Scott, supra.  Based upon these findings, the Election Officer concluded that Labor Notes fell within the media exception and was not subject to campaign contribution regulation.


Based upon the investigation conducted in this case, the Election Officer finds that the structure of the AUD is very similar to the Labor Education & Research Foundation as recounted in Scott, supra.  In a sworn statement, Assistant Executive Director Carl Biers states that the AUD is not financed by the IBT or any of its subordinate entities.  None of the AUD board of directors are members of the IBT.  Its contributors are individuals and foundations.


Further, the Election Officer concludes that the Union Democracy Review is not owned and its editorial policies are not controlled by candidates or committees acting on behalf of candidates.  The AUD has previously been determined to have rented office space to the New York/New Jersey Chapter of the TDU.  See Halberg, supra.   The AUD admits that it has received and filled an order from an IBT local union for several AUD books and publications.  But neither these facts, or the fact that Board member Levy performs legal services for the TDU, are sufficient to show any editorial link or any indicia of control between the Union Democracy Review and that organization.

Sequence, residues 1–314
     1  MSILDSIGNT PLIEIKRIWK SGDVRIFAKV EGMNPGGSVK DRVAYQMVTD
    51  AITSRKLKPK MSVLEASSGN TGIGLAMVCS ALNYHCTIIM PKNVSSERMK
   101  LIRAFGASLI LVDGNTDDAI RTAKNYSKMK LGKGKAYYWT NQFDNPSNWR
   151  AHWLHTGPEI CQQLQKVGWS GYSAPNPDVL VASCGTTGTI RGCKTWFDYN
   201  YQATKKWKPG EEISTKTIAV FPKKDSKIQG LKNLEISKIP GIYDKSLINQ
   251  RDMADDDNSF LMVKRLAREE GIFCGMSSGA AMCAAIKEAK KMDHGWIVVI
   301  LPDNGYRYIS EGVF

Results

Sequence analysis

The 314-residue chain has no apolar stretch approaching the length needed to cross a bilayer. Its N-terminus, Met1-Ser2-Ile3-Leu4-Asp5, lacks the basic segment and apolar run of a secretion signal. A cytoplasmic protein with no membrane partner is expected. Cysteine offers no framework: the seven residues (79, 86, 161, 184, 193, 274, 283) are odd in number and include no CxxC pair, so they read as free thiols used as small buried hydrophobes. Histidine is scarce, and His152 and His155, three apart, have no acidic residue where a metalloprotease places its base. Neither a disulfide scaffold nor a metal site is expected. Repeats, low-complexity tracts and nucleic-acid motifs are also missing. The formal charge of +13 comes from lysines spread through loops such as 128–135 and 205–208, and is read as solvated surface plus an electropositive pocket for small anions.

The Union Democracy Review is produced and published by a media employer as defined in Scott, supra, and as indicated by the evidence relating to its structure and method of operation.  Hence, even if the newsletter contains material which attacks the candidacy of

Mr. Hoffa, or supports Mr. Careys candidacy, the evidence before the Election Officer leads to the conclusion that no candidate, or any person or committee acting on behalf of a candidate, owns or controls the AUD or the editorial policies of the Union Democracy Review

Accordingly, the protest is DENIED.


Any interested party not satisfied with this determination may request a hearing before the Election Appeals Master within one day of receipt of this letter.  The parties are reminded that, absent extraordinary circumstances, no party may rely upon evidence that was not presented to the Office of the Election Officer in any such appeal.  Requests for a hearing shall be made in writing and shall be served on:


Kenneth Conboy, Esq.

Latham & Watkins

885 Third Avenue, Suite 1000

New York, NY 10022

Fax (212) 751-4864


James P. Hoffa

May 23, 1996

Page 1



Copies of the request for hearing must be served on the parties listed above as well as upon the Election Officer, 400 N. Capitol Street, Suite 855, Washington, DC 20001, Facsimile

(202) 624-3525.  A copy of the protest must accompany the request for a hearing.






Barbara Zack Quindel

Election Officer



cc:               Kenneth Conboy, Election Appeals Master

All Regional Coordinators


[1]The issue regarding the creation of a defense fund by Local Union 745 against trusteeships created was discussed in Stone, P-247-IBT-SCE (January 22, 1996), affd

96 - Elec. App. - 74 (KC) (February 6, 1996).